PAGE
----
Opening credits of Sherlock and other BBC series: toys, animation, or real life processed somehow?

The opening credits of Sherlock and other BBC shows have opening credit scenes that I can’t figure out. They are typically shot from high overhead and show street scenes, with cars, buses and pedestrians moving on well-known London streets.

In one sense, they appear to be real-life scenes, but just processed somehow to make them “jerky”.

Sometimes, though, they seem like stop-motion animation, with toys moved around a constructed neighborhood, or some other animation technique.

Then I look at the pedestrians, and their movement seems much too fluid and realistic to be animated.

Does anyone know how these scenes are done? And does the technique have a name?


They look like real street scenes sped up to me, with some cuts to make it jerky. (Which has surely got to be a whole lot cheaper than animation.)

I’ve never watch Sherlock before, but here’s the opening credits: BBC's Sherlock Opening Titles - YouTube

The first shot is of Piccadilly Circus, and it definitely is the real Piccadilly Circus. Various different methods have been combined though to jazz it up. Obviously some kind of miniature-faking (possibly tilt-shift, but I’d guess more likely some post processing) technique has been applied to the camera and also time effects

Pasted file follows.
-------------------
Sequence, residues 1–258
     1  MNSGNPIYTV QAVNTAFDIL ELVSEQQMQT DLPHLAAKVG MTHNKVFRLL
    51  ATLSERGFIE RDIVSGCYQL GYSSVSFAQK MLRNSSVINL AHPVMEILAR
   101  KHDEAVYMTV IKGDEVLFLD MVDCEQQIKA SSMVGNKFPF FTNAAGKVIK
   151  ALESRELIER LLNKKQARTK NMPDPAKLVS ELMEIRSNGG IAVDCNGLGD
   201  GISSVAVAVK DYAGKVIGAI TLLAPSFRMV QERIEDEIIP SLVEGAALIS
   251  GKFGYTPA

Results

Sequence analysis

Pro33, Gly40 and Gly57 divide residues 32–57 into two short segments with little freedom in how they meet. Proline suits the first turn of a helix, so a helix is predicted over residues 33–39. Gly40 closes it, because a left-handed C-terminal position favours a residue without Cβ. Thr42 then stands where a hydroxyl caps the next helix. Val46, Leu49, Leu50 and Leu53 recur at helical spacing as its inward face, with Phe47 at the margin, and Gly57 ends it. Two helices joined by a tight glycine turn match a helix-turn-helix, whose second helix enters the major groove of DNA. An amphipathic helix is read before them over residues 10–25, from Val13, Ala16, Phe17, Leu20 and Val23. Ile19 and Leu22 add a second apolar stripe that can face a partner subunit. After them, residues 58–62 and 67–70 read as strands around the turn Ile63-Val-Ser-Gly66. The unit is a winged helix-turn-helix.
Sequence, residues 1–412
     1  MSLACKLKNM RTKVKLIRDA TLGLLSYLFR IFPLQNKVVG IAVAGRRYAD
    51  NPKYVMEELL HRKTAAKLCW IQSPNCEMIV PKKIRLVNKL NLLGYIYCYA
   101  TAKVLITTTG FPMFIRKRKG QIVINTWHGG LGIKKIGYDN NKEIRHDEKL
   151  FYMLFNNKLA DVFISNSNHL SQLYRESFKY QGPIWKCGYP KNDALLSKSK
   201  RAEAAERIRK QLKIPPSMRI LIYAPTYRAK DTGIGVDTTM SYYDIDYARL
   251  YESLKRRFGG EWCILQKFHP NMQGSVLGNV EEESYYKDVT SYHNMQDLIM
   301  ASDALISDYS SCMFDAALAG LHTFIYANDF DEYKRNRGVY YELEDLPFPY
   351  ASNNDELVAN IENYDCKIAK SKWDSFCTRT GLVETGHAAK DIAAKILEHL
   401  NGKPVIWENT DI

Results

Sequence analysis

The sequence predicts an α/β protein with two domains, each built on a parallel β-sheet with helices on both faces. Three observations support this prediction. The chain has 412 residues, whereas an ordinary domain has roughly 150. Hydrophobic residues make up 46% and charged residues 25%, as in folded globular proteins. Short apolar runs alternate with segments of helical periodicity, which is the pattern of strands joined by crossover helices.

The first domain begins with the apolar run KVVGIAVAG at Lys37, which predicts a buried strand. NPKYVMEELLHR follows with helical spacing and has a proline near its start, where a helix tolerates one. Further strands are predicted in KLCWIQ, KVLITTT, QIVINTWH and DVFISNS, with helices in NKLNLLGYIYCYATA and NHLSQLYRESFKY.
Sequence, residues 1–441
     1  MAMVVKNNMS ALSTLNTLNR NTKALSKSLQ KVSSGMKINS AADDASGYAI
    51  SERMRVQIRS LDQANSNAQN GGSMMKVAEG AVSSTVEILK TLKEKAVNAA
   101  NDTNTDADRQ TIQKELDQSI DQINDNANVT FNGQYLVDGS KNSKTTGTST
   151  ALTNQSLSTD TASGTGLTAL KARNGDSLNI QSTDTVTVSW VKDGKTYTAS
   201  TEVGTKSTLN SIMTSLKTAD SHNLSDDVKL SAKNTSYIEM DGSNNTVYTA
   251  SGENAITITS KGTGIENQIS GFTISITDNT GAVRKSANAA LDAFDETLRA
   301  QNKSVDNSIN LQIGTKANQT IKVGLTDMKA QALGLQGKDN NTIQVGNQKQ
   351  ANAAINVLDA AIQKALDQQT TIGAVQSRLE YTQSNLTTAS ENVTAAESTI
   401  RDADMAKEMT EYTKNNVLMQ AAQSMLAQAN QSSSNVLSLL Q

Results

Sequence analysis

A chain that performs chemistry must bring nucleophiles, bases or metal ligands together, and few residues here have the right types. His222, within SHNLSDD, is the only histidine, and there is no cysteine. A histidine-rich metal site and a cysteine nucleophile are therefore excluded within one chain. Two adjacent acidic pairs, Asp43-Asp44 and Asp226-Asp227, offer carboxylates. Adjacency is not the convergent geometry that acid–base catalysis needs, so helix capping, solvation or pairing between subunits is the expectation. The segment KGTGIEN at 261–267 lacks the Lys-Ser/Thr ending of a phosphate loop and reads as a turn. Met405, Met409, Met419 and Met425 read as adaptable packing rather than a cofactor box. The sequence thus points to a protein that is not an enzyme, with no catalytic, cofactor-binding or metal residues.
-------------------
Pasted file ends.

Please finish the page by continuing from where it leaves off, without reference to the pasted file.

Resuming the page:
It’s definitely tilt-shift. I have used this feature on my DSLR camera to shoot pedestrians in vegas and it’s the exact same effect as seen in the opening credit scenes in Sherlock.

Here’s an example (not mine).

Some of the bumpers on Project Runway in New York are hyper realistic. The street scenes look almost fake but perhaps it’s the opposite of Sherlock. I think both are very attractive.

It just the Koyaanisqatsi technique.

Because I love getting hits on my flickr account, here’s an example that is mine.

Also a Wired article on the technique.

That’s time lapse. The issue here is how everything looks in the individual shots, which someone correctly pointed out is tilt shift.